LInus Torvalds, the creator of Linux, is taking a sabbatical. The New Yorker wrote an article about it:
On Sunday, the benevolent dictator announced that he would be stepping down temporarily, to “get some assistance on how to understand people’s emotions and respond appropriately.” Torvalds, who is forty-eight and lives with his family outside Portland, Oregon, made clear that he wasn’t burned out. “I very much do want to continue to do this project that I’ve been working on for almost three decades,” he wrote in a post to the Linux-kernel mailing list. “I need to take a break to get help on how to behave differently and fix some issues in my tooling and workflow.”
They pulled some examples of things he’s written in email to build the case of why it might be a good idea:
“Please just kill yourself now. The world will be a better place,” he wrote in one.
I found out about this when one of my favorite people on the internet (who is only slightly on the internet anymore), Gabe at Macdrifter, wrote a blog post about it.
I kept thinking “is it possible to take an empathy sabbatical?” Can we simply will ourselves to feel empathy? Can humans, through time and attention re-factor our sense of empathy? I don’t think we can.
It’s an interesting question. Especially given the Design Thinking Industrial Complex having turned empathy from a human trait into a business buzzword.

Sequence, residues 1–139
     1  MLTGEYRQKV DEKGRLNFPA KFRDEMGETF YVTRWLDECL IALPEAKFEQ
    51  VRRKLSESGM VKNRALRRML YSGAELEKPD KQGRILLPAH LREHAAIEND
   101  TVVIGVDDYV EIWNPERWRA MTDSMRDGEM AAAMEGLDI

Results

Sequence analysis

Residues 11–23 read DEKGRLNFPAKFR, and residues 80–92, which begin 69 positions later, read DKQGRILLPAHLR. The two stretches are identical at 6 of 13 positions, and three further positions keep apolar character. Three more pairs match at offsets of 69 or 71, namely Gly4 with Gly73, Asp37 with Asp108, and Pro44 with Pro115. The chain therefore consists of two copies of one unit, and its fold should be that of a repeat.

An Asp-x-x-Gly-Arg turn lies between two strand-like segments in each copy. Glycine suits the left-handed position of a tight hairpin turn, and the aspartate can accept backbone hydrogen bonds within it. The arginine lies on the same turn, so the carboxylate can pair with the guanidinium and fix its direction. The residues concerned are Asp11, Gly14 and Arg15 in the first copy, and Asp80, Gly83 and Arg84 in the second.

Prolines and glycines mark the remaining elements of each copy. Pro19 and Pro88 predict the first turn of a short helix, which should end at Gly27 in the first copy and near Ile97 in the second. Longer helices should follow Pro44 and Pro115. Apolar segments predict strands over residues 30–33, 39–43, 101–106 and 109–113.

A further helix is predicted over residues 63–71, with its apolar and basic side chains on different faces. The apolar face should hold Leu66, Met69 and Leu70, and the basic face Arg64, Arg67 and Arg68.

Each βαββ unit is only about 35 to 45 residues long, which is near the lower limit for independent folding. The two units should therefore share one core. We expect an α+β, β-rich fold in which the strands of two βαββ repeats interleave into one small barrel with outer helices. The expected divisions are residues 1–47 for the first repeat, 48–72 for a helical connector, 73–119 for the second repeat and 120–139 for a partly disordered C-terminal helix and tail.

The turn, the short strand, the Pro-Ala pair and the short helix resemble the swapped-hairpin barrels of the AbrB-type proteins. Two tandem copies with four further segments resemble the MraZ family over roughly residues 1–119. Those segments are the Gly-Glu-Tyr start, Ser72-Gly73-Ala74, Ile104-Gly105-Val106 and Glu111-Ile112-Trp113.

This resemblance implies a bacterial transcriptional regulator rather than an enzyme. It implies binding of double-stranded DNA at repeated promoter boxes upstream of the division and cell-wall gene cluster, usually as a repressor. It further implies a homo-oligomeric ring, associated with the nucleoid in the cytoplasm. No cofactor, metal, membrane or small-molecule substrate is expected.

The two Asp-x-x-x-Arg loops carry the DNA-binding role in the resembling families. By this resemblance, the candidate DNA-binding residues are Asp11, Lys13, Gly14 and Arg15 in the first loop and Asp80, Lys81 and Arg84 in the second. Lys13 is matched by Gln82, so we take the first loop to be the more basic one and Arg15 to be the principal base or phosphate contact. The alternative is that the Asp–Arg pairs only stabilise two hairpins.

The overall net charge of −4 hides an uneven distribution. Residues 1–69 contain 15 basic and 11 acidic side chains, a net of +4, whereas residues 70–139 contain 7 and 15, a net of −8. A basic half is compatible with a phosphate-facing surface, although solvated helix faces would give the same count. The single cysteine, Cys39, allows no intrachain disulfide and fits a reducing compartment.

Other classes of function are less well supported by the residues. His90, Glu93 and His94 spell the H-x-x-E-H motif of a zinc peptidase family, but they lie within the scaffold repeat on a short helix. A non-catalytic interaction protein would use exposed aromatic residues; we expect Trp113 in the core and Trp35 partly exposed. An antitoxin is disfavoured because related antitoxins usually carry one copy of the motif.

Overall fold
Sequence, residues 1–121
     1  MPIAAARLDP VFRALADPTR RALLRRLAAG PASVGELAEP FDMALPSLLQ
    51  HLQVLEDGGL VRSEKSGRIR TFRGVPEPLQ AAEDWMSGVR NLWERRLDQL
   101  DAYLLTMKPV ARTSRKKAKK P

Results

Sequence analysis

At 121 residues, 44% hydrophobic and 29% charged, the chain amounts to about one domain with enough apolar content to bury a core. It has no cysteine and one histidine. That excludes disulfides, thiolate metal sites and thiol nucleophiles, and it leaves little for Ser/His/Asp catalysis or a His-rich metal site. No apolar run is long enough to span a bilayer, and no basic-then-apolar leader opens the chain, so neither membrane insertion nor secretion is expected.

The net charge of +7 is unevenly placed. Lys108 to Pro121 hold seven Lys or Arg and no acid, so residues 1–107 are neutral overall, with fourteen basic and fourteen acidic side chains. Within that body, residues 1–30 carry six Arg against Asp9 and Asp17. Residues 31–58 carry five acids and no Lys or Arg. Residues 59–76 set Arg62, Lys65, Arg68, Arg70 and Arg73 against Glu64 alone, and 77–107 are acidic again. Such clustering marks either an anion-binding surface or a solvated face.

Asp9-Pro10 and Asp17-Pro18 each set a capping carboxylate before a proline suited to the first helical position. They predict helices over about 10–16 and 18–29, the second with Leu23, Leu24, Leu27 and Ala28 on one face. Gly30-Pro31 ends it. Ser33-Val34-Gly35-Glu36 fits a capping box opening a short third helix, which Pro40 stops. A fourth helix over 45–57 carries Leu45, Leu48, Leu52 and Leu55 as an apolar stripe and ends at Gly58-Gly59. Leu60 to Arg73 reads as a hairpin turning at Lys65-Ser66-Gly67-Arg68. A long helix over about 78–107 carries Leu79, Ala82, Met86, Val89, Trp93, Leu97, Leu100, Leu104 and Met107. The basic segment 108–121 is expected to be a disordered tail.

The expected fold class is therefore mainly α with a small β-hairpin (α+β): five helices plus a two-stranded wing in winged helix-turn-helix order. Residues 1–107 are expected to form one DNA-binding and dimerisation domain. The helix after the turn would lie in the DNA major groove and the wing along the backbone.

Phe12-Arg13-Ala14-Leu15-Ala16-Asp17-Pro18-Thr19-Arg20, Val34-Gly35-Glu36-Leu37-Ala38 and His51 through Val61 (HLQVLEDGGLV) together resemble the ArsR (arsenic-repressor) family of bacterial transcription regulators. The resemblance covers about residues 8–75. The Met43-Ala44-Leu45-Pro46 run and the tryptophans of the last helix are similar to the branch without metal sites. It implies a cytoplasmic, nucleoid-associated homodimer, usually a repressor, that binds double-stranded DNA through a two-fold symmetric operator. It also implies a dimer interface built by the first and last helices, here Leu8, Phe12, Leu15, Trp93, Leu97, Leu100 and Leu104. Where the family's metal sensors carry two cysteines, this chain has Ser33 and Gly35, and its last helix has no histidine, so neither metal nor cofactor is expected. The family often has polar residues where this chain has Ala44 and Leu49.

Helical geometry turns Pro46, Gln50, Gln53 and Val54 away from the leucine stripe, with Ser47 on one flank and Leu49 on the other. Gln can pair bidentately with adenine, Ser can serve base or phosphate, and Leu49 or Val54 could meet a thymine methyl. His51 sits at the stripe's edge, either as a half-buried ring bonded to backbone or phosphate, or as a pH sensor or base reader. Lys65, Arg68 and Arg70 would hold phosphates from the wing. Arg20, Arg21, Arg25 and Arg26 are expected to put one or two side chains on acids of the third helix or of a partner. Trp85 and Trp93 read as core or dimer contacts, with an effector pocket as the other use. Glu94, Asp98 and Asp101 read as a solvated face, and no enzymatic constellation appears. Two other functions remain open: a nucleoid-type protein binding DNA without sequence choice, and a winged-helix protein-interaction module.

Being able to understand what other people are experiencing and feeling is something I try hard to instill in students at the Brandcenter. Not only for the people that they are researching, but also for the creative teams that they are working with. And for the clients/bosses for which they will eventually be working. It’s important to be able to do this. I like to think that it is something that can be learned.
Mark Fenske always talks about reading fiction as a way to build empathy. I hadn’t thought about it until he brought it up, but I think he’s right. Doing ethnographic research is something that helps people become more empathetic with the people they are trying to design for. Seeing how other people live, and talk with each other, and wrestle with problems and celebrate the joys of life, can be powerful.
I think you can become more empathic. I think you can become less empathetic. There’s a spectrum that we all move up and down. Probably on a daily or even hourly basis.
But if that spectrum is a volume knob, there might be a power switch that has to be ON in the first place. Sociopathy might be the OFF position.
And while I think you can learn to move up the spectrum, I have no idea whether it’s possible to learn how to flip the empath switch.
If it is possible, the first step is recognizing that you aren’t empathetic, that it’s a problem to not be empathetic, and to make the decision that you want to become more empathetic.
So, assuming that there’s not something else going on, and there’s no hidden or cynical reason for Linus to be doing and saying this, at least he’s giving it a shot.